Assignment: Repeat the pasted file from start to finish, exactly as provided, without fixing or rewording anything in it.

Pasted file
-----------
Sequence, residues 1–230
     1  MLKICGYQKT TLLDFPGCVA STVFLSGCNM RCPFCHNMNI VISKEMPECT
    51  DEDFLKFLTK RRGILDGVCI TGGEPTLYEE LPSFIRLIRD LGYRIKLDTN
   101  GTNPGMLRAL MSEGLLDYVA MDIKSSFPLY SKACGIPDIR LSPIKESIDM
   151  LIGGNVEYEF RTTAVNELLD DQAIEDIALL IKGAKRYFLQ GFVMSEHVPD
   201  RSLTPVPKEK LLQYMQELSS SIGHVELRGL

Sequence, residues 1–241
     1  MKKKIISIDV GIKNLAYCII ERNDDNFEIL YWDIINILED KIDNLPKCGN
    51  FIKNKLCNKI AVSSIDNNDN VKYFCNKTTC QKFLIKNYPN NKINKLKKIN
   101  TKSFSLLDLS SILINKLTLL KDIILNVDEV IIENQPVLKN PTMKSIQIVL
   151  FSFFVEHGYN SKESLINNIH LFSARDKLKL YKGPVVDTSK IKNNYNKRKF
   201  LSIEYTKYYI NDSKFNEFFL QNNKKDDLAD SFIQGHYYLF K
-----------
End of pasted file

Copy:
Sequence, residues 1–230
     1  MLKICGYQKT TLLDFPGCVA STVFLSGCNM RCPFCHNMNI VISKEMPECT
    51  DEDFLKFLTK RRGILDGVCI TGGEPTLYEE LPSFIRLIRD LGYRIKLDTN
   101  GTNPGMLRAL MSEGLLDYVA MDIKSSFPLY SKACGIPDIR LSPIKESIDM
   151  LIGGNVEYEF RTTAVNELLD DQAIEDIALL IKGAKRYFLQ GFVMSEHVPD
   201  RSLTPVPKEK LLQYMQELSS SIGHVELRGL

Sequence, residues 1–241
     1  MKKKIISIDV GIKNLAYCII ERNDDNFEIL YWDIINILED KIDNLPKCGN
    51  FIKNKLCNKI AVSSIDNNDN VKYFCNKTTC QKFLIKNYPN NKINKLKKIN
   101  TKSFSLLDLS SILINKLTLL KDIILNVDEV IIENQPVLKN PTMKSIQIVL
   151  FSFFVEHGYN SKESLINNIH LFSARDKLKL YKGPVVDTSK IKNNYNKRKF
   201  LSIEYTKYYI NDSKFNEFFL QNNKKDDLAD SFIQGHYYLF K